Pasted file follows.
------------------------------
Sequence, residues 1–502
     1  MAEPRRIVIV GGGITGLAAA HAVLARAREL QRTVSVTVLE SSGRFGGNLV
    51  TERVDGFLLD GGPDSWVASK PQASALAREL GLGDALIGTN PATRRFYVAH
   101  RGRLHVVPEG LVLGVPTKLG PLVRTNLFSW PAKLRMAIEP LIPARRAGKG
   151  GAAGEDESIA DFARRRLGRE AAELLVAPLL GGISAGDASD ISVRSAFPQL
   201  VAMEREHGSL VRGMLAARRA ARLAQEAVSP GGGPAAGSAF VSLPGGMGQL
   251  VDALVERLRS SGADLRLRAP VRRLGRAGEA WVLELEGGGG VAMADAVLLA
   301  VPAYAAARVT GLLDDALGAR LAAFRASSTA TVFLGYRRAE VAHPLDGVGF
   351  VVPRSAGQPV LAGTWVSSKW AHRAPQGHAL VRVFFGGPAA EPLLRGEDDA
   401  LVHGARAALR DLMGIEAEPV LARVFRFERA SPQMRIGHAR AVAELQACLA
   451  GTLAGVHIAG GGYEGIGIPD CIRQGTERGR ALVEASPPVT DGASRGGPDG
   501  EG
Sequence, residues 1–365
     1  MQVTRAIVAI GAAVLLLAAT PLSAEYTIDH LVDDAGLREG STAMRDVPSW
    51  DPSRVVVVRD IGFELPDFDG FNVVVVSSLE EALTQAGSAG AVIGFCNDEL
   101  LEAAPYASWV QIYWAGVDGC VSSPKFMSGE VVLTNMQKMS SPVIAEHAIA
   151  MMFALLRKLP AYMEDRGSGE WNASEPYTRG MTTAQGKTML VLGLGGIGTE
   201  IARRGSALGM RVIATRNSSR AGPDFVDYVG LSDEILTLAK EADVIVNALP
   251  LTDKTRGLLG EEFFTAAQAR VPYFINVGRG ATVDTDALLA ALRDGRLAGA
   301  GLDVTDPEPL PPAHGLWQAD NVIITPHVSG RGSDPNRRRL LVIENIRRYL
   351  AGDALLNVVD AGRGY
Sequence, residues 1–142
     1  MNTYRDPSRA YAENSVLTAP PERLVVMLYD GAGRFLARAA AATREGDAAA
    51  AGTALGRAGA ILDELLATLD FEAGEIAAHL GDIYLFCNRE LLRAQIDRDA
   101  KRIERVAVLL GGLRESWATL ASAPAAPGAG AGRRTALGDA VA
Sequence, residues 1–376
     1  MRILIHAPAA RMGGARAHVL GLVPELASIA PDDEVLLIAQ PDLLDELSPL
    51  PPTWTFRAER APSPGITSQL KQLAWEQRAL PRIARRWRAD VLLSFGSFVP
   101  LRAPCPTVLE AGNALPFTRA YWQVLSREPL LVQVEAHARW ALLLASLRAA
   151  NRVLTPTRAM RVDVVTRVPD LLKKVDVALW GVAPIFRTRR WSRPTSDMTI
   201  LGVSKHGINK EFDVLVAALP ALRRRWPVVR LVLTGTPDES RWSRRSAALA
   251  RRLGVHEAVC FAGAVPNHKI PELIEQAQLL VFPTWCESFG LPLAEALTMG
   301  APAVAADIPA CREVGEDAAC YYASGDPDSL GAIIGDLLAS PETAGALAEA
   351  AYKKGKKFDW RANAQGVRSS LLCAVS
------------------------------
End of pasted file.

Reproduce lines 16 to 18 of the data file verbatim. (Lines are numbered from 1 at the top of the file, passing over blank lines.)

   101  LEAAPYASWV QIYWAGVDGC VSSPKFMSGE VVLTNMQKMS SPVIAEHAIA
   151  MMFALLRKLP AYMEDRGSGE WNASEPYTRG MTTAQGKTML VLGLGGIGTE
   201  IARRGSALGM RVIATRNSSR AGPDFVDYVG LSDEILTLAK EADVIVNALP